To evaluate the safety and effectiveness of coupling an active middle ear implant to the short process of the incus in subjects with meatal pathologies.Study Design:
Tertiary referral center.Patients:
Twelve patients suffering from either congenital aural atresia or acquired meatal fibrosis.Intervention:
Implantation of an active middle ear implant with coupling of the actuator to the short process of the incus.Main Outcome Measures:
Evaluation of the air conduction and bone conduction hearing thresholds pre- and postoperatively, aided warble-tone hearing thresholds, unaided and aided speech recognition in quiet and noise. Questionnaires on subjective benefit and quality of life.Results:
Mean unaided postoperative air conduction and bone conduction thresholds did not vary significantly from preoperative values (p = 0.55 and 0.082, respectively). The mean functional gain amounted to 42.1 ± 8.8 dB, the mean aided sound field threshold of the implanted ear was 28.6 ± 8.6 dB. No significant difference in functional gain but a close to significant difference in postoperative aided thresholds (p = 0.053) were found between subjects with congenital atresia and acquired fibrosis. Subjective benefit assessed by the global score of the Abbreviated Profile of Hearing Aid Benefit questionnaire revealed an improvement of 31 to 42%.Conclusion:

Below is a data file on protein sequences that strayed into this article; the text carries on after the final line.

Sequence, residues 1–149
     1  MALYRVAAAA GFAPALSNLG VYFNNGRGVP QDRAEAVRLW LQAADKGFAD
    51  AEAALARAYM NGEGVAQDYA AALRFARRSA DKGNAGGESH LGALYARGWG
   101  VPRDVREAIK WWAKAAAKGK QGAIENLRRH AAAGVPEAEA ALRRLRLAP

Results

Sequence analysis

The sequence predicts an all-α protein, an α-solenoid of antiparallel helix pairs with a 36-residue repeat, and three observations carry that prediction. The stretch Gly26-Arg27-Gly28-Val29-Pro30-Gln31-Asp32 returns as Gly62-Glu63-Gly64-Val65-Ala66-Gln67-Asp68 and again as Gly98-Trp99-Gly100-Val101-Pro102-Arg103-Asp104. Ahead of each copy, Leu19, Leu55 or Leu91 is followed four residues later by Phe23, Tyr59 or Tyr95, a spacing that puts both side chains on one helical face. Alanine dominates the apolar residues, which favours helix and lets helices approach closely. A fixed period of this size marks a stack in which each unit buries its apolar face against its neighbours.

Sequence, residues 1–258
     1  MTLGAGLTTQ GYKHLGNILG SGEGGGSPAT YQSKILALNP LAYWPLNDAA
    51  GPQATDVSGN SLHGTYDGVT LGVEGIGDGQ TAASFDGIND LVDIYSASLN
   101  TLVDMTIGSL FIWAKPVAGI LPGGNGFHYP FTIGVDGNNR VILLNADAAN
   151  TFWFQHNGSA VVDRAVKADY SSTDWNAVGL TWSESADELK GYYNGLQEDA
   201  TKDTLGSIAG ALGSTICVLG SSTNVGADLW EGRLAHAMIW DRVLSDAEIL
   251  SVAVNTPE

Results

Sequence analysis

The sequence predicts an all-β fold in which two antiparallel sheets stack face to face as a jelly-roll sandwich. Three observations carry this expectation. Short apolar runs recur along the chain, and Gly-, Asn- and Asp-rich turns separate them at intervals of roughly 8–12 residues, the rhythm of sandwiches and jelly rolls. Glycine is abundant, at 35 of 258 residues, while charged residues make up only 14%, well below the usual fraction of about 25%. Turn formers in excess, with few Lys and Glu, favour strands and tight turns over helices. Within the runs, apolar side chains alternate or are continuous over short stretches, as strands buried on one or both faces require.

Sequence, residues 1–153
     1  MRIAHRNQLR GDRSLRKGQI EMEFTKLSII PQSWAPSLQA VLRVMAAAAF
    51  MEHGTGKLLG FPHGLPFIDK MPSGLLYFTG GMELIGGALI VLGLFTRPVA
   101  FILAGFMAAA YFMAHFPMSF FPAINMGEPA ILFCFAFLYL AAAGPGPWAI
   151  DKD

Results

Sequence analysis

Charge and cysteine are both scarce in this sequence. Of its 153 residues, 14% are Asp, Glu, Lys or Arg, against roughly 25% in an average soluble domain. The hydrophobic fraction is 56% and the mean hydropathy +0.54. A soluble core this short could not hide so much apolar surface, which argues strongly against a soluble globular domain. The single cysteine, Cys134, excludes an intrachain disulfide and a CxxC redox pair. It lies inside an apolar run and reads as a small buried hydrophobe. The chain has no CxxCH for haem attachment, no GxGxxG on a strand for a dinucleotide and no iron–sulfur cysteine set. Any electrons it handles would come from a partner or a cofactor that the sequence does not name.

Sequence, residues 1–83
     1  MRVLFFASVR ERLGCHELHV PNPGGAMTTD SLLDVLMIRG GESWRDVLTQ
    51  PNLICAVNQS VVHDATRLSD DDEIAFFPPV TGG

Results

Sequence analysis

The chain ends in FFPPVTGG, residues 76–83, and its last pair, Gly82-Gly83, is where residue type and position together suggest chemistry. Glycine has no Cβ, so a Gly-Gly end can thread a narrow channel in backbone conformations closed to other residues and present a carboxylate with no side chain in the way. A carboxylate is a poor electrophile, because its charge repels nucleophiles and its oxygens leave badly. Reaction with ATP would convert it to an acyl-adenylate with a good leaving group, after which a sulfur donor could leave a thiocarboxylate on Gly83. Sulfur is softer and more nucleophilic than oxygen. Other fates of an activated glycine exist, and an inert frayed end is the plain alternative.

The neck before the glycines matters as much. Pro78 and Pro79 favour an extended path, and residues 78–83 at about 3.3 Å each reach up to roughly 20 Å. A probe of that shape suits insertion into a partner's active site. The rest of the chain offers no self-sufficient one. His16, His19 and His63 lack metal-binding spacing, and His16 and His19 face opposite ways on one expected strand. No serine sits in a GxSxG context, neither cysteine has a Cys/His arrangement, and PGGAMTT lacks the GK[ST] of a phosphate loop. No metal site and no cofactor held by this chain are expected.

Coupling of the actuator to the short process of the incus is a safe and clinically promising procedure in cases where the standard application to the long process is not feasible. In pure conductive hearing loss the benefit is comparable to long incus process coupling, whereas in mixed hearing loss slightly worse results were observed.